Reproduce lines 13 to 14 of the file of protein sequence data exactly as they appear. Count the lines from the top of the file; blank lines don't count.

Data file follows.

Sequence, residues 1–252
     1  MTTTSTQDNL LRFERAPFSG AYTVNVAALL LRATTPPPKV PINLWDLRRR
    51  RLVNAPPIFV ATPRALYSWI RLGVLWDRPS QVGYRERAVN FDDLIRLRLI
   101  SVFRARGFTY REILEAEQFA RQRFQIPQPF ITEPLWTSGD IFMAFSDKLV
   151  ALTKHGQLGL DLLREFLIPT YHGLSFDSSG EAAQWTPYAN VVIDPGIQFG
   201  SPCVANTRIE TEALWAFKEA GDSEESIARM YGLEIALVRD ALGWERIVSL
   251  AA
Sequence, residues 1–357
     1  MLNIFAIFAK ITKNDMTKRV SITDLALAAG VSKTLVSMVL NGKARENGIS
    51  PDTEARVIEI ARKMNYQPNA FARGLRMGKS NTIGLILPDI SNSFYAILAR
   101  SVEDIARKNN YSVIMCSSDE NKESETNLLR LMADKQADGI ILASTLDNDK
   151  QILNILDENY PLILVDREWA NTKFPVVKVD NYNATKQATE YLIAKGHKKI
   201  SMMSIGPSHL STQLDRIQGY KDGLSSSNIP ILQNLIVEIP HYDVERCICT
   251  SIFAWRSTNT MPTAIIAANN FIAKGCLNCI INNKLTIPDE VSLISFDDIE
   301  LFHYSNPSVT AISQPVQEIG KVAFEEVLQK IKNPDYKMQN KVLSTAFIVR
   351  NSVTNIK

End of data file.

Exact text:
   201  SMMSIGPSHL STQLDRIQGY KDGLSSSNIP ILQNLIVEIP HYDVERCICT
   251  SIFAWRSTNT MPTAIIAANN FIAKGCLNCI INNKLTIPDE VSLISFDDIE